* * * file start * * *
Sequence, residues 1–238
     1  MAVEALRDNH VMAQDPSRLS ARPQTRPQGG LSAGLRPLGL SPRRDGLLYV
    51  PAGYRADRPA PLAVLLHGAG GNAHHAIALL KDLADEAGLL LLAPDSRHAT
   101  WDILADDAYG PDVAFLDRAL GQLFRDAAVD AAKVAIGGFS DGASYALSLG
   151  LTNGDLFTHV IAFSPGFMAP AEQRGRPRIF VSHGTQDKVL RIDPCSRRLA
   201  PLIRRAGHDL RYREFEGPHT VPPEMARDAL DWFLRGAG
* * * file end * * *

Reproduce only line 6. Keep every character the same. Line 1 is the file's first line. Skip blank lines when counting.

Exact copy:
   201  PLIRRAGHDL RYREFEGPHT VPPEMARDAL DWFLRGAG